Home
PROUD SPONSOR OF ONETOPANGA.COM

TTC 2018 AC Front R4 ADisasters Happen Year-Round –
Get Your 2018 Access Card Now

          TTC Seal brown

    THE TOPANGA TOWN COUNCIL

     Celebrating 40 years of serving
    the Topanga Canyon community!

National Prescription Drug Take Back Day

drugs banner

Dispose of Prescriptions Safely and Responsibly on April 28

"National Prescription Drug Take Back Day--April 28---provides a safe, convenient, responsible, and NO QUESTIONS ASKED means of disposing of prescription drugs, while also educating the general public about the potential for abuse of medications.

There are four participating locations within 15 miles of Topanga, including a location in Woodland Hills, and one in Santa Monica. View the locations HERE. The event will run from 10:00 a.m. to 2:00 p.m. at each site.

To view the full list of controlled substance public disposal locations, click here.

You can also check with your pharmacist. Some pharmacies have mail-back programs and disposal kiosks for unused medicines.

For more information on the DEA's National Prescription Drug Take Back Day, click here.

To view flyer on "How to Dispose of Medicines Properly", click here.

How to Dispose of Medicines at Home

There are two ways to dispose of medicine, depending on the drug.

Flushing medicines: Because some medicines could be especially harmful to others, they have specific directions to immediately flush them down the sink or toilet when they are no longer needed.

How will you know? Check the label or the patient information leaflet with your medicine. Or consult the U.S. Food and Drug Administration’s list of medicines recommended for disposal by flushing.

Disposing medicines in household trash: Almost all medicines can be thrown into your household trash. These include prescription and over-the-counter (OTC) drugs in pills, liquids, drops, patches, creams, and inhalers.

Follow these steps:

1. Remove the drugs from their original containers and mix them with something undesirable, such as used coffee grounds, dirt, or cat litter. This makes the medicine less appealing to children and pets and unrecognizable to someone who might intentionally go through the trash looking for drugs.
2. Put the mixture in something you can close (a re-sealable zipper storage bag, empty can, or other container) to prevent the drug from leaking or spilling out.
3. Throw the container in the garbage.
4. Scratch out all your personal information on the empty medicine packaging to protect your identity and privacy. Throw the packaging away. 

If you have a question about your medicine, ask your healthcare provider or pharmacist.

Disposing of Fentanyl Patches

Some prescription drugs — such as powerful narcotic pain medicines and other controlled substances — have instructions for flushing to reduce the danger of overdose from unintentional or illegal use.

One example is the fentanyl patch. This adhesive patch delivers a strong pain medicine through the skin. Even after a patch is used, a lot of the medicine remains. That’s why the drug comes with instructions to flush used or leftover patches.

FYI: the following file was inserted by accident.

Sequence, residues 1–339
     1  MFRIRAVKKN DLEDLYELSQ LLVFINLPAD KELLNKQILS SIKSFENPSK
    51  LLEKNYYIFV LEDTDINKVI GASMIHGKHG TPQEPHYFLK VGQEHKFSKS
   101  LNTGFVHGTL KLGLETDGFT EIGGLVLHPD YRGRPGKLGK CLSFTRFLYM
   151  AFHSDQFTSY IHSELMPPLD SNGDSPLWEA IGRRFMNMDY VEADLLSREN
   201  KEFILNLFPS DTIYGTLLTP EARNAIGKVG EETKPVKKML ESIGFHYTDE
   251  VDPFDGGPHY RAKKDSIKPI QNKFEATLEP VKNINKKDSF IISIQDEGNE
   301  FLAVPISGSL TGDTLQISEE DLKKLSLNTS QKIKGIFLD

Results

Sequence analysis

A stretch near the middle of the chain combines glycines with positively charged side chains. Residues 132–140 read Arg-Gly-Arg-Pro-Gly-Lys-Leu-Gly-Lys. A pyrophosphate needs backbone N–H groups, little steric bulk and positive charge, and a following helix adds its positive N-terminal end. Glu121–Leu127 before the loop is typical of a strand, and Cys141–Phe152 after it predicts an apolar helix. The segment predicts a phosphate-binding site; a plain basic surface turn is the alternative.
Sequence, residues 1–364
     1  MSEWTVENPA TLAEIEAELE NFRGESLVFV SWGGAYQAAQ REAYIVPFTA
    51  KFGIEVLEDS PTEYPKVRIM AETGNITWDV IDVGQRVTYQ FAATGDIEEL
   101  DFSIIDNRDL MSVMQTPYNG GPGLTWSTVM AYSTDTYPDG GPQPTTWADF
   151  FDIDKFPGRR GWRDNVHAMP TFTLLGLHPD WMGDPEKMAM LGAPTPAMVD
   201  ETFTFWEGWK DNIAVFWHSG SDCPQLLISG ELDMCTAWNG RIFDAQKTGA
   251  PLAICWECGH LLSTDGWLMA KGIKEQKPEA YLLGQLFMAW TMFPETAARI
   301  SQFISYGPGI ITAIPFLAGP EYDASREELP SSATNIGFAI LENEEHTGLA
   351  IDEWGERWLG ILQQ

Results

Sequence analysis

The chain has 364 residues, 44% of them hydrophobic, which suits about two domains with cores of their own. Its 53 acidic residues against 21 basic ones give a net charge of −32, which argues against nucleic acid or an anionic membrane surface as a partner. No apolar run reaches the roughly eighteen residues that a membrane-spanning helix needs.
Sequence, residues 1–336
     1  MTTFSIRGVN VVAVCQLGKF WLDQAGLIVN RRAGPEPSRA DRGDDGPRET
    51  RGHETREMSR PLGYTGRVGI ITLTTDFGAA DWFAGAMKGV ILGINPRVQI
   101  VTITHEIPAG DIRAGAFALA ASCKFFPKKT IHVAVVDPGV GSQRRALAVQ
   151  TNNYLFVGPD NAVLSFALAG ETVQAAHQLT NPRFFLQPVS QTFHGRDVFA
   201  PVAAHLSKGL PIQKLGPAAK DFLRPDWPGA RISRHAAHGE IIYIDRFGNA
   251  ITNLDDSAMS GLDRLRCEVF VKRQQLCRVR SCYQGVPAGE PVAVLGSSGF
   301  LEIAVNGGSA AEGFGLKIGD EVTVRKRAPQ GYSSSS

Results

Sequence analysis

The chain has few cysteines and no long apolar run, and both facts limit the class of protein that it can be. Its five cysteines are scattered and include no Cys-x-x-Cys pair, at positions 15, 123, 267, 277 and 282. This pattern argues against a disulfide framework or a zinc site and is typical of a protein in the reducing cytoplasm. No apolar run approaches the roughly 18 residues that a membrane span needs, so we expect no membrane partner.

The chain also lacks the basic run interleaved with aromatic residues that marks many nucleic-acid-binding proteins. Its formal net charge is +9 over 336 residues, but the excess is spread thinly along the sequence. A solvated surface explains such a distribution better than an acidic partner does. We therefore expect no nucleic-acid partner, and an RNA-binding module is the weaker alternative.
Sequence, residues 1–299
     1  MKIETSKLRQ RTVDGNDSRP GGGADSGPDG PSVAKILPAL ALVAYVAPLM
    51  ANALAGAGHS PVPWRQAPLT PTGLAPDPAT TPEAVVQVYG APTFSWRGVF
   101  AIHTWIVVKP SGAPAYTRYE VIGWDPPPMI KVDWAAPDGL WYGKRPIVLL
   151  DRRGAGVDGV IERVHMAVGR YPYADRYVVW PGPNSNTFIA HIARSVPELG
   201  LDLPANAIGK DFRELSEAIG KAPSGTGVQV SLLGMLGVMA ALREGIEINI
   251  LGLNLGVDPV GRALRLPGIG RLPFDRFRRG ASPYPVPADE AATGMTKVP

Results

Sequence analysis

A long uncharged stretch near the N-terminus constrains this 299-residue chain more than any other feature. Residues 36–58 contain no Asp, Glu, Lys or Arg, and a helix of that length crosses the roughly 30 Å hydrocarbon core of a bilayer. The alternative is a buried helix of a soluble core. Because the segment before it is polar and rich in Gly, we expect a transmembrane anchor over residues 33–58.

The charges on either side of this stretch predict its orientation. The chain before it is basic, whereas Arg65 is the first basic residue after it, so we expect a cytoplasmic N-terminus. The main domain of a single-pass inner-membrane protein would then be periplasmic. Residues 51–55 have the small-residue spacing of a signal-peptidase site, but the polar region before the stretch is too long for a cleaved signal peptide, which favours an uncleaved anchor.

Disposing of Inhaler Products

One environmental concern involves inhalers used by people who have asthma or other breathing problems, such as chronic obstructive pulmonary disease. Read handling instructions on the labeling of inhalers and aerosol products. These products could be dangerous if punctured or thrown into a fire or incinerator. To properly dispose of these products and follow local regulations and laws, contact your trash and recycling facility.

Flushing Drugs and the Water Supply

Some people wonder if it’s okay to flush certain medicines. There are concerns about the small levels of drugs that may be found in surface water, such as rivers and lakes, and in drinking water supplies.

“The main way drug residues enter water systems is by people taking medicines and then naturally passing them through their bodies,” says Raanan Bloom, Ph.D., an environmental assessment expert at the FDA. “Many drugs are not completely absorbed or metabolized by the body and can enter the environment after passing through wastewater treatment plants.”

The FDA and the U.S. Environmental Protection Agency take the concerns of flushing certain medicines in the environment seriously. Still, there has been no sign of environmental effects caused by flushing recommended drugs.

Treatment and Disposal of Medical Waste

Disposal of Medical Sharps/Needles

Improper management of discarded needles and other sharps can pose a health risk to the public and waste workers. For example, discarded needles may expose waste workers to potential needle stick injuries and potential infection when containers break open inside garbage trucks or needles are mistakenly sent to recycling facilities. Janitors and housekeepers also risk injury if loose sharps poke through plastic garbage bags. Used needles can transmit serious diseases, such as human immunodeficiency virus (HIV) and hepatitis.

See the following documents for information on proper management of needles and sharps:

Community Options for Safe Needle Disposal
Protect Yourself, Protect Others: Safe Options for Home Needle Disposal
Safe Needle Disposal - a project of NeedyMedsEXIT - promotes public awareness and community solutions for safe disposal of needles, syringes, and other sharps.
Centers for Disease Control and Prevention: Sharps Safety for Healthcare Settings

For more information, CLICK HERE.

go back icon

 

 

 

Jennifer Babcock Design – Vertical Revolving Ad

Follow Us

Community Calendar

Topanga Canyon Traffic

Weather

Fire Danger Level

Today's Fire Danger Level

Topanga/Malibu Fire Danger Level
Courtesy of LA County Fire & NPS

Topanga Crime Report

crime reports

Topanga Coalition For Emergency Preparedness

California Highway Patrol

Sheriff's Department

LA County Fire Department

Assemblymember Bloom

Supervisor Sheila Kuehl